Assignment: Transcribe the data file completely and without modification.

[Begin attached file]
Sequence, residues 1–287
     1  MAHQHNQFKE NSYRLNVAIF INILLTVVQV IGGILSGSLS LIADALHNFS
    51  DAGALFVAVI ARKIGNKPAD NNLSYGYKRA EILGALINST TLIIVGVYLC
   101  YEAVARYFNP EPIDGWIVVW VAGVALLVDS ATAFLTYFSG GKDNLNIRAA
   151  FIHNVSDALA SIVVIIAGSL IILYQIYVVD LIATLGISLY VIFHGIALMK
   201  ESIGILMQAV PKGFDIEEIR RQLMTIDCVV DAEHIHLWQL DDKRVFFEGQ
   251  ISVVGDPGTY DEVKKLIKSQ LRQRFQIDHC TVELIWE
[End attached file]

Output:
Sequence, residues 1–287
     1  MAHQHNQFKE NSYRLNVAIF INILLTVVQV IGGILSGSLS LIADALHNFS
    51  DAGALFVAVI ARKIGNKPAD NNLSYGYKRA EILGALINST TLIIVGVYLC
   101  YEAVARYFNP EPIDGWIVVW VAGVALLVDS ATAFLTYFSG GKDNLNIRAA
   151  FIHNVSDALA SIVVIIAGSL IILYQIYVVD LIATLGISLY VIFHGIALMK
   201  ESIGILMQAV PKGFDIEEIR RQLMTIDCVV DAEHIHLWQL DDKRVFFEGQ
   251  ISVVGDPGTY DEVKKLIKSQ LRQRFQIDHC TVELIWE